• Use ConvertKit to send a survey with tags to learn more about your subscribers and segment your email list simultaneously.

After compiling your research, create a buyer persona—a fictional character of your ideal customer. Your buyer persona will make the next steps much easier to implement.

2. Define your brand pillars

With your buyer persona in tow, it’s time to define your brand pillars. The five pillars of branding are:

  1. Purpose: Your mission as a creator and why you exist
  2. Perception: How your audience currently perceives you
  3. Personality: Adjectives to describe the tone and voice you wish to have. At ConvertKit, some of our adjectives are inspiring and genuine
  4. Positioning: What makes you unique and stand out from the crowd?
  5. Promotion: The experience you want your audience to have when they interact with the different touch points of your brand

To see the purpose and position pillars in action, we don’t need to go any further than email and copywriting expert Tarzan Kay’s website. Take a read through her mission and values to get inspiration for your own.

Image via Tarzan Kay

And while Tarzan published hers, you don’t need to make yours public. Feel free to keep your brand pillar document private.

3. Pick your type—or types—of branding

After defining your pillars, you’re ready to choose which types of branding you want to develop. There are five core types of branding for creators, but there may be one or two you don’t use. For example, if you don’t offer any services, you won’t need to do service branding.

Let’s get to know the different types.

1. Personal branding

Personal branding is perfect for influencers, coaches, athletes, and any other creators who are the face of their brand.

Use touchpoints like your website and social channels to convey who you are. Just make sure you keep everything consistent across all channels, like Influencer Aileen Xu. Aileen has a very soft, kind, and nurturing brand based on the aesthetic she presents through her various platforms. And no matter which platform her audience visits, they get the same brand experience.

Image via Lavendaire

2. Digital product branding

The digital products you sell—like ebooks, courses, and downloadables—are also extensions of your brand.

The most obvious way to keep your digital products in line with your brand is by selecting the right colors, fonts, and design elements to package up your products. Career and confidence coach Jennifer Lowry uses ConvertKit Commerce to design product pages that match her brand aesthetic.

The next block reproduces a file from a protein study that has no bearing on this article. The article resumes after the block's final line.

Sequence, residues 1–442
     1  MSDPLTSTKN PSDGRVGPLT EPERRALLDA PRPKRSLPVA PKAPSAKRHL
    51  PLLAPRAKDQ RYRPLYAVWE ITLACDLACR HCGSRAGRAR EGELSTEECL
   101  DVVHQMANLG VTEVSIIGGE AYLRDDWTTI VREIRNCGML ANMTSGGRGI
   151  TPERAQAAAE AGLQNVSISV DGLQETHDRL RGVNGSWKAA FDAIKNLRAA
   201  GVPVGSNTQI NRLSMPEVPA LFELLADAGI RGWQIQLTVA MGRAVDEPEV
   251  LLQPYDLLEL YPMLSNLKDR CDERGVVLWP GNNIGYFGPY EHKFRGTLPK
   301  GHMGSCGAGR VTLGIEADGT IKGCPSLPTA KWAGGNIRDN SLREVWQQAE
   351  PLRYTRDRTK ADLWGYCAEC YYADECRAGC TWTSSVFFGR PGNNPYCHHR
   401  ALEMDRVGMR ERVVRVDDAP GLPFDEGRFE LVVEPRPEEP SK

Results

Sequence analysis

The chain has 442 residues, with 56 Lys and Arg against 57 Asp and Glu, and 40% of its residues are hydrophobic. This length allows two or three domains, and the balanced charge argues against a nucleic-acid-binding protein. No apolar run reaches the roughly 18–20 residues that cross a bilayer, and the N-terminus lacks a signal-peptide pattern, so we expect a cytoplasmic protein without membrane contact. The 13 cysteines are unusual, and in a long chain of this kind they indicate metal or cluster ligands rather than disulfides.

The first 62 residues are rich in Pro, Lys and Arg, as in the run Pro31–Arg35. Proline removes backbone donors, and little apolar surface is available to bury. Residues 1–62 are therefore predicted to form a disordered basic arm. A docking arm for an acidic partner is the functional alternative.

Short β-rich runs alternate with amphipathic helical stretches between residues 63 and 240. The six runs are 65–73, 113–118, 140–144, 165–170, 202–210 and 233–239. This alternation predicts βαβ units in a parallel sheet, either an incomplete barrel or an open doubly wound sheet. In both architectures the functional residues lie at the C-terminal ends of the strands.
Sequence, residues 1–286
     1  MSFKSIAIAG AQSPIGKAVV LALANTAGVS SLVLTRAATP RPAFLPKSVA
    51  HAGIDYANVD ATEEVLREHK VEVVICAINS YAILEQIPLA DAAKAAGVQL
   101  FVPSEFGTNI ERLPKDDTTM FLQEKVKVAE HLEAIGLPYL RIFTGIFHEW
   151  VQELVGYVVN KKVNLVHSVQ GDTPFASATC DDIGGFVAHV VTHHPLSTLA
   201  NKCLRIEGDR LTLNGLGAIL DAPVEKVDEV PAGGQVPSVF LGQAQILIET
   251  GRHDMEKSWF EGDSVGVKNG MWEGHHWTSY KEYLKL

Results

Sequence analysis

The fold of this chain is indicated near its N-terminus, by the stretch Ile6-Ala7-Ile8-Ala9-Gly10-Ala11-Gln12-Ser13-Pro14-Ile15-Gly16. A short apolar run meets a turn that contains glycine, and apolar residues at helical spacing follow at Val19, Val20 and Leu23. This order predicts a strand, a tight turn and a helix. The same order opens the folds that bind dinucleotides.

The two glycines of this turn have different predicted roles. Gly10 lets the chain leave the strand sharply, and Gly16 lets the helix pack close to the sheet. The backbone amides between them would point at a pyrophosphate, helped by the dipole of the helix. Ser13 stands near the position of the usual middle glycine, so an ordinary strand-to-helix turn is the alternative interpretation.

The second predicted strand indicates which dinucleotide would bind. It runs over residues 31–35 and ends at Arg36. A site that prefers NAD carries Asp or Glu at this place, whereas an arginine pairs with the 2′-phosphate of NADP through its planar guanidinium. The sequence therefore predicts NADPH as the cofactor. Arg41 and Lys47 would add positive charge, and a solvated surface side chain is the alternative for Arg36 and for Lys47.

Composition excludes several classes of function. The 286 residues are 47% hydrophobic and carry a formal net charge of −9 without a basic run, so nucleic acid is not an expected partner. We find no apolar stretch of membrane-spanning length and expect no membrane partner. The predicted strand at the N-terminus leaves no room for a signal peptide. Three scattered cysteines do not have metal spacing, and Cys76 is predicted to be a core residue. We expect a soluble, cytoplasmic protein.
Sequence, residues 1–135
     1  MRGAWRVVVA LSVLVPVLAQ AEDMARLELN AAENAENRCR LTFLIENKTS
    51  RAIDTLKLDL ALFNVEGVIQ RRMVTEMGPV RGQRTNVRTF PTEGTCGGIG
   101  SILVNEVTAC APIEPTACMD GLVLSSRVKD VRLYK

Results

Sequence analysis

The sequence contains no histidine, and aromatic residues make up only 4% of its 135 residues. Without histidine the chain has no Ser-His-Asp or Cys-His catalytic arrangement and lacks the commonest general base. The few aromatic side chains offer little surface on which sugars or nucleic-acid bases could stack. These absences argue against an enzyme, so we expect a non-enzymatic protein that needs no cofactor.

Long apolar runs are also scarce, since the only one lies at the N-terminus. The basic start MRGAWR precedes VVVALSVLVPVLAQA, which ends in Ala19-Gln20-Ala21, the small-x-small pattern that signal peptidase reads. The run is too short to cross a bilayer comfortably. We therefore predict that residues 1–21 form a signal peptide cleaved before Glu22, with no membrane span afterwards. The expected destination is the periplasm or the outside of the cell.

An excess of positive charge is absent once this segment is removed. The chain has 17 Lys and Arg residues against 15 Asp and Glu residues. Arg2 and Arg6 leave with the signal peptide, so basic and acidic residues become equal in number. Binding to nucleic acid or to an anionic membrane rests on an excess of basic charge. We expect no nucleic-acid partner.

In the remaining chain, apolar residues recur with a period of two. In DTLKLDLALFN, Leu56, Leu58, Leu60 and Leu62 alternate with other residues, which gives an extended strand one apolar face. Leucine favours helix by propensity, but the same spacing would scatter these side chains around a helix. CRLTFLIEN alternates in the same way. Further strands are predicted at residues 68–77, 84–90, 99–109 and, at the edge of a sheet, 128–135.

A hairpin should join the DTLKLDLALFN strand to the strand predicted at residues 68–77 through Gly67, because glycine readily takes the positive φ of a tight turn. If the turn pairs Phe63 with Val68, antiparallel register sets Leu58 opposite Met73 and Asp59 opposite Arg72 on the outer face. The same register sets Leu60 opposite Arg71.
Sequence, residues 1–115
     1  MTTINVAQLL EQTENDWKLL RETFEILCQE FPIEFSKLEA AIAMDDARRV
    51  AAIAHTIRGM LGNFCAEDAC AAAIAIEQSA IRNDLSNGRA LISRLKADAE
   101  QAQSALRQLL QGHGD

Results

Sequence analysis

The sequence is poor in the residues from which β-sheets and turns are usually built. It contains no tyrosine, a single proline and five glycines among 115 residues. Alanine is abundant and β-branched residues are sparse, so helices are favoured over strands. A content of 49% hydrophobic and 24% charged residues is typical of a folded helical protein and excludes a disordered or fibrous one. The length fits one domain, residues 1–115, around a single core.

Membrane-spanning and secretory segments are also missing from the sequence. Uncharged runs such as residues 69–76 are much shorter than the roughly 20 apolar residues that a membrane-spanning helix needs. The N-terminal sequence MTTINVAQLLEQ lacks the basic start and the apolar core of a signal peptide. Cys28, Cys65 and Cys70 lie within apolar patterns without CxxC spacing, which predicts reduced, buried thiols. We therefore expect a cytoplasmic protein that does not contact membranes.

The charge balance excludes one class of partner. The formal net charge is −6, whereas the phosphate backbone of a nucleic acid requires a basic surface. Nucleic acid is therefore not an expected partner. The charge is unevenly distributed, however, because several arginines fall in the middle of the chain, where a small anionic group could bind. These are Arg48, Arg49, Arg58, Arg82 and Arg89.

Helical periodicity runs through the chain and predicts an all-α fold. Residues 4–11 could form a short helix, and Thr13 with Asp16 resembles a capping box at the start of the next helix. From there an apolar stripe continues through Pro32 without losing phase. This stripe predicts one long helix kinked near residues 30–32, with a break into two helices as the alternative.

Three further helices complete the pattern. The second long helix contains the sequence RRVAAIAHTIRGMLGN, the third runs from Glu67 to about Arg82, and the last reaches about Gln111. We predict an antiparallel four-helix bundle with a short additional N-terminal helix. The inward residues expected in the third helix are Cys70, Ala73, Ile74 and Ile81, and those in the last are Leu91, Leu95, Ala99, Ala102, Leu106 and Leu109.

Jennifer Lowry’s landing page for her product matches the brand identity she uses across other touchpoints. Image via Jennifer Lowry.

But there are other ways to let your digital product brand shine:

  1. Product types: What you sell needs to line up with your brand. For example, if you’re a luxury home designer, it might not make sense to sell an ebook about furniture thrifting. Before creating new products, make sure they align with your brand.
  2. Product price: Price your products so they reflect your brand. For example, if one of your values is inclusivity and accessibility, consider using a Pay What You Want (PWYW) pricing structure. With ConvertKit Commerce, you can add PWYW capability to your products easily.
  3. Product features: Think of additional features to add to your products that support your brand. Things like return policies, instructional guides, and post-purchase customer support are worth considering.

3. Service branding

Like your products, you also want to infuse your brand into the services you offer. But because service branding is more abstract than branding digital products, it can cause some confusion. Here are some tips to help:

  • Use sites like Canva to create on-brand paperwork, like invoices and contracts.
  • Customize your client-onboarding process in a way that’s unique to your biz. Freelancer Shweta Dawar uses tools like ConvertKit and Zapier to automate her custom onboarding process.
  • Work in additional elements to your services that reflect your brand. Consider things like the number of revisions you offer, complimentary/paid consult calls, and the turnaround time for your services.
  • Communicate with clients how fast they can expect replies to any questions they ask. For example, if lightning-fast support is part of your brand, consider hiring a team to respond to client queries at all hours of the day.

Create a client/customer journey map to help you pinpoint all the steps a potential client takes from the moment they search for your services until you finish the work. Ask yourself what you can add to their journey that would reflect your brand—and help you stand out.